Indian fusion singer and leader of Kaveesh the Band, Kaveesh Maharaj, has been enlisted to encourage and show appreciation to volunteers at the TTMA mass vaccine drive at the Divali Nagar Site, Uriah Butler Highway.

Maharaj was carded to appear yesterday and will pull from his repertoire of acoustic hits over the next few weeks to serenade and soothe some 150 volunteer doctors, nurses, administrative assistants and administrative helpers who operate on each vaccine day. The volunteers have worked exhausting double and triple shifts to ensure that vaccines are administered since the initiative started in early June.

In an interview with Sunday Guardian last week, the talented musician said people visiting the site could look forward to unplugged music that boosts the spirit.

“They can expect simple melodies to say thank you; melodies that touch you and remind you of what we stand for as a people. The purpose of humanity is to really be connected to that higher source, we’re not just here to exist. What you will hear is something that will incorporate the aspect of being alive and saying thank you for that and thank you for the people that are making that possible. We want to serenade them and appreciate life on a whole,” he said.

In collaboration with the Ministry of Health and aided by the T&T Medical Association and SEWA TT, the TTMA has conducted several mass vaccine drives for the business community and the general public. So far, over 11,000 people have received shots through the initiative which seeks to provide safe working environments in the business community in the face of the COVID-19 pandemic.

Urging the public to come out and receive their COVID-19 shots, Maharaj who informed that he and most of the band have taken the vaccine said, “Vaccinating is very individualistic and a touchy matter for some, but I would urge people to get vaccinated because from a humanitarian point of view, a little protection is better than none. It’s better to have a chance to fight another day.”

‘Singing is like a prayer I offer to God’

Maharaj started off singing satsangs at the age of two and a half, following in the footsteps of his father and maternal grandmother. He developed a deep interest in music, culture and the arts during his senior years at secondary school and after completing a degree in Literature and Linguistics at UWI, he left for Chennai, India. Training at the KM Music Conservatory under A R Rahman, award-winning composer for such music scores as 2008 film, “Slumdog Millionaire”, Maharaj studied Hindustani classical music and Western Opera. He also benefited from the expertise of Padma Shri awardee, Anup Jalota who is widely called the Emperor of Bhajans.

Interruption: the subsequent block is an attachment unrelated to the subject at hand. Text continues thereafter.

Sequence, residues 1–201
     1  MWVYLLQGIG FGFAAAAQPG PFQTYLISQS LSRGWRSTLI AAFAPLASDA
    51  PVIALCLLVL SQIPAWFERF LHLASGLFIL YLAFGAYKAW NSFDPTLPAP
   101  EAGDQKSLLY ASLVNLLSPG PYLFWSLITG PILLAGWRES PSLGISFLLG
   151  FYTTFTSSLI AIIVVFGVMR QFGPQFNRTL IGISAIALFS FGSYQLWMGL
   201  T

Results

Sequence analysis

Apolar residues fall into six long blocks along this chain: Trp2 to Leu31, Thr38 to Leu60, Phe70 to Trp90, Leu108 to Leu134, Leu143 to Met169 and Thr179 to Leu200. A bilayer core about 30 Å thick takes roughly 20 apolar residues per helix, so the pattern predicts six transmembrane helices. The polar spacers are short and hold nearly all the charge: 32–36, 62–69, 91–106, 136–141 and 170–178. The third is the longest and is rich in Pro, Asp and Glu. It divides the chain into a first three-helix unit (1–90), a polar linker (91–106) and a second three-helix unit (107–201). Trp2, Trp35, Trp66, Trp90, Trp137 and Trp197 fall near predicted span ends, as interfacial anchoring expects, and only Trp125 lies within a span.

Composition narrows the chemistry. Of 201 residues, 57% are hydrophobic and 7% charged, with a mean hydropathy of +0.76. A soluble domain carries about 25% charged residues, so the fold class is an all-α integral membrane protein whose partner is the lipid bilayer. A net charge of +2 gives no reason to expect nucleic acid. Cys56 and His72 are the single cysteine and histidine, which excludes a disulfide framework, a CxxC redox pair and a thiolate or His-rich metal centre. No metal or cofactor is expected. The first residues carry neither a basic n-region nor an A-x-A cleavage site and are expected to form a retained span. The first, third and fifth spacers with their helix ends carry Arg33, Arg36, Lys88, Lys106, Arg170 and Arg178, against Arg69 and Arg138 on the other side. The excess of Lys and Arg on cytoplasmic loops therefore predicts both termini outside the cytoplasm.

On his return from India, Maharaj formed the band. Known for its organic vibes carried by live instrumentation, Kaveesh the Band merges classical Indian and Bollywood music played in Alternative Pop/Rock style. The band has a spiritual series entitled, “Chanting Under the Moonlight” which uses healing music to unite the cultures, while their unplugged offerings combine Eastern vocals with Bollywood music and bhajans with Western instruments.

One of the first to integrate the Peruvian cajon, a percussion instrument, into unplugged Indian music in T&T, Maharaj commended the talent of his band members. He said the band prides itself on the multiculturalism they infuse into their music and the naturalistic feel that comes with playing live. They have staged at least three main concerts, doing collaborations with Nigel Rojas of Orange Sky, Solman, Stefan Roach, Gillian Moore and Bhavya Pandit of India.

Of the seven instruments he plays, Maharaj acknowledged the harmonium and guitar as his favourites because of the tonalities of the instruments. Noting that the frequencies that they release work in harmony with his voice, he said it was a spiritual experience whenever he played music on a whole.

“Every time I open my mouth or touch an instrument it’s like I’m praying to God regardless of what I sing. If I sing a bhajan or a hymn it basically has the same effect. I feel the same way if I sing a Bollywood film song. It’s like a prayer I offer to God.”